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Caledonian Canal, Glen Loy Aqueduct

Aqueduct (Period Unassigned)

Site Name Caledonian Canal, Glen Loy Aqueduct

Classification Aqueduct (Period Unassigned)

Alternative Name(s) Caledonian Canal, River Loy Aqueduct

Canmore ID 23749

Site Number NN18SW 3.01

NGR NN 14921 81771

Datum OSGB36 - NGR

Permalink http://canmore.org.uk/site/23749

Ordnance Survey licence number 100057073. All rights reserved.
Canmore Disclaimer. © Copyright and database right 2018.

Digital Images

Administrative Areas

  • Council Highland
  • Parish Kilmallie
  • Former Region Highland
  • Former District Lochaber
  • Former County Inverness-shire

Archaeology Notes

NN18SW 3.01 14921 81771

Aqueduct [NAT]

Tunnels [NAT]

OS 1:10,000 map, 1975.

See also NN18SW 3.00.

This sizeable aqueduct is one of the most significant on the canal.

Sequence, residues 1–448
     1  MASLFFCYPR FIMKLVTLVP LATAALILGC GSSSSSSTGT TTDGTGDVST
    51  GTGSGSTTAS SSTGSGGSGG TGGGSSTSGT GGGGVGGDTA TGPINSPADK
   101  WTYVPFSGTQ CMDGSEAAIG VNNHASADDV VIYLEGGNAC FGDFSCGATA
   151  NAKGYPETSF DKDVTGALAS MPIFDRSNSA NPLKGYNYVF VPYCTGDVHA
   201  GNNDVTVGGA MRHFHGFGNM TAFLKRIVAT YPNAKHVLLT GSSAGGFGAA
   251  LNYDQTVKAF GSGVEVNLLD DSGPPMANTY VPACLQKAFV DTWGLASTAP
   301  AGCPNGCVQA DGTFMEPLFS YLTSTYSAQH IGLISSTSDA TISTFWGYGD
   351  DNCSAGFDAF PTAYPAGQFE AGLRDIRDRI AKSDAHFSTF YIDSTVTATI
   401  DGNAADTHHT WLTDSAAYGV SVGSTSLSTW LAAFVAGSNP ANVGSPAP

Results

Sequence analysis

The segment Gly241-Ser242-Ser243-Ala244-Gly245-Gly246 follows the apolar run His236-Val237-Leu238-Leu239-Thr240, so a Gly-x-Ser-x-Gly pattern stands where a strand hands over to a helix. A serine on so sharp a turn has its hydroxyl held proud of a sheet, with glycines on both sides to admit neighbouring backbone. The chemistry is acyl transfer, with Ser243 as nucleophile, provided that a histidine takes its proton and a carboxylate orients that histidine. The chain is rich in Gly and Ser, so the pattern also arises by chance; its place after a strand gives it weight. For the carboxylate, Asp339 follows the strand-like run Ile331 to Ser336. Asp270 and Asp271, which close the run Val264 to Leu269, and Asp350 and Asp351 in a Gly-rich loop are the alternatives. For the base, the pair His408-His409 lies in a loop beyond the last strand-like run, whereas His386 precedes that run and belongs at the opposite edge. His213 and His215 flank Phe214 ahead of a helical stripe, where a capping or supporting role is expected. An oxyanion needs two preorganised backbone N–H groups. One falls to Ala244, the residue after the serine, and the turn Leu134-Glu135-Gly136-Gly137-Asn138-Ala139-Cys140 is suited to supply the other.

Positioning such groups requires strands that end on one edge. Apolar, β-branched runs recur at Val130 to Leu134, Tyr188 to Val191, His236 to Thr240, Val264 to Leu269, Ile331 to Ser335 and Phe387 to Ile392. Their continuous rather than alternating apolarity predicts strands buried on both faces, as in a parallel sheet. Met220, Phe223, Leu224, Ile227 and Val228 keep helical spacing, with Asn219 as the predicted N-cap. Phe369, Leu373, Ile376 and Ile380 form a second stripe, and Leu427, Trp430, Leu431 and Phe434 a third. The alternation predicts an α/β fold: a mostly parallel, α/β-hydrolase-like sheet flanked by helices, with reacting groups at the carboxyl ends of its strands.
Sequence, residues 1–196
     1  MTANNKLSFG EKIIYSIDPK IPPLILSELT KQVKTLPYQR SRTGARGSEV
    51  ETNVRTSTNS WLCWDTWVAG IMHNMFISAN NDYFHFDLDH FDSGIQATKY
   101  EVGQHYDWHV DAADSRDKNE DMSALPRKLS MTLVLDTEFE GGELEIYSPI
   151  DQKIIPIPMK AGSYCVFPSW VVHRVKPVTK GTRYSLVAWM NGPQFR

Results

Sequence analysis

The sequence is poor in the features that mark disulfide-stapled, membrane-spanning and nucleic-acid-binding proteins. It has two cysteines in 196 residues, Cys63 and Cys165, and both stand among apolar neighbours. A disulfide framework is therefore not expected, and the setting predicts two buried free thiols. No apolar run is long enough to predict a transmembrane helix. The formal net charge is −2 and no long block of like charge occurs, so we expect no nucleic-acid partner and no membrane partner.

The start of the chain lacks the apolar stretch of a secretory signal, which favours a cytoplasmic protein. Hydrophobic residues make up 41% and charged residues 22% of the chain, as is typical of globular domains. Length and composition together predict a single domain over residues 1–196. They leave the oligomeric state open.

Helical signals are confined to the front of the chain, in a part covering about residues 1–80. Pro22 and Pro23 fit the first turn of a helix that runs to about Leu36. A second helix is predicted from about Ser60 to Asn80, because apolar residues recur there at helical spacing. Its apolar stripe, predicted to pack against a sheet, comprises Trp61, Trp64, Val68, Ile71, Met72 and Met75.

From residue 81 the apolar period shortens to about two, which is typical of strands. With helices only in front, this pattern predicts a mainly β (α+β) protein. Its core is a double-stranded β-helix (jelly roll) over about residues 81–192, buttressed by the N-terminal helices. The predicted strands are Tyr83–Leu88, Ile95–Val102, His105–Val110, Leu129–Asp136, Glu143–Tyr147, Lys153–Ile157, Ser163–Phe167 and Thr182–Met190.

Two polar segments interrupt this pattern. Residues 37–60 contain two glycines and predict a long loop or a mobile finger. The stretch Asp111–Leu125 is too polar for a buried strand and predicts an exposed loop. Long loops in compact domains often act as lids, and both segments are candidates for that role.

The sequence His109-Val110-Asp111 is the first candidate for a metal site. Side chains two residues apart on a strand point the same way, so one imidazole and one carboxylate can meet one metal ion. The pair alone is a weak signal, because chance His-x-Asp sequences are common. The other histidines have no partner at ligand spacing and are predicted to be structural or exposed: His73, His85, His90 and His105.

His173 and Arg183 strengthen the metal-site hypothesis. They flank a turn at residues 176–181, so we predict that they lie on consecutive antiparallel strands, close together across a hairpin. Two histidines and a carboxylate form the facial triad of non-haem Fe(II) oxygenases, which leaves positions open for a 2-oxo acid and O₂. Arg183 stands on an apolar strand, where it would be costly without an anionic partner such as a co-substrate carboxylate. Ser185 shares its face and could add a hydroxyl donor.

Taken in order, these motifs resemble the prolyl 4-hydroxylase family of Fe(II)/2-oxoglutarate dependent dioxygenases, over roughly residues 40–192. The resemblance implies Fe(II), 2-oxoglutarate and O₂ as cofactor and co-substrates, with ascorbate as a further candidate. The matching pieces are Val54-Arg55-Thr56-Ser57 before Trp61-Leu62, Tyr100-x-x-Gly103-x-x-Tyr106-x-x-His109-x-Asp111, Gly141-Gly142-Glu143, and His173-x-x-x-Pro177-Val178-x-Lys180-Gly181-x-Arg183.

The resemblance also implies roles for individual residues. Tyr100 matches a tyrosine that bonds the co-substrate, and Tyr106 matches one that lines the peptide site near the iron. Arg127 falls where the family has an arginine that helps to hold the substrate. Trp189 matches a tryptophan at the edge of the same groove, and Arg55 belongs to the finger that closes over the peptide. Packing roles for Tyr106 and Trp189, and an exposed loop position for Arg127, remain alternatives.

G Hutton 1992.

This feature, carrying the canal over the River Loy, is clearly marked as Aqueduct on the 1st edition of the OS 6-inch map (Inverness-shire 1874, sheet cxl) and as Aqueduct and Tunnels on the 2nd edition of the OS 6-inch map (Inverness-shire 1904, sheet cxl), on the current edition of the OS 1:10000 map (1975) and on the OS Basic Scale raster map (ND).

Information from RCAHMS (MD) 6 September 2001.

The aqueduct carries the Caledonian Canal (NN18SW 3.00) over the River Loy a short distance over its debouchement into the River Lochy and just below Loy (road) Bridge (NN18SW 14).

Information from RCAHMS (RJCM), 9 May 2006.

Activities

Build (March 1806 - October 1806)

Aqueduct built on the Caledonian Canal.

R Paxton and J Shipway, 2007.

Publication Account (2007)

(Institute Civil Engineers Historic Engineering Works no. HEW 0084/04)

Loy Aqueduct

This stone aqueduct, over the Loy, and an access road, was built from March to October 1806. It was one of five constructed by Simpson & Wilson by 1808 on the 6-mile reach of canal between Banavie Locks and Loch Lochy. Loy Aqueduct had and still has three semicircular masonry

spans of 10 ft, 25 ft and 10 ft set in an impressive retaining facade and the tunnels are about 250 ft long.

R Paxton and J Shipway, 2007.

Reproduced from 'Civil Engineering heritage: Scotland - Highlands and Islands' with kind permission from Thomas Telford Publishers.

References

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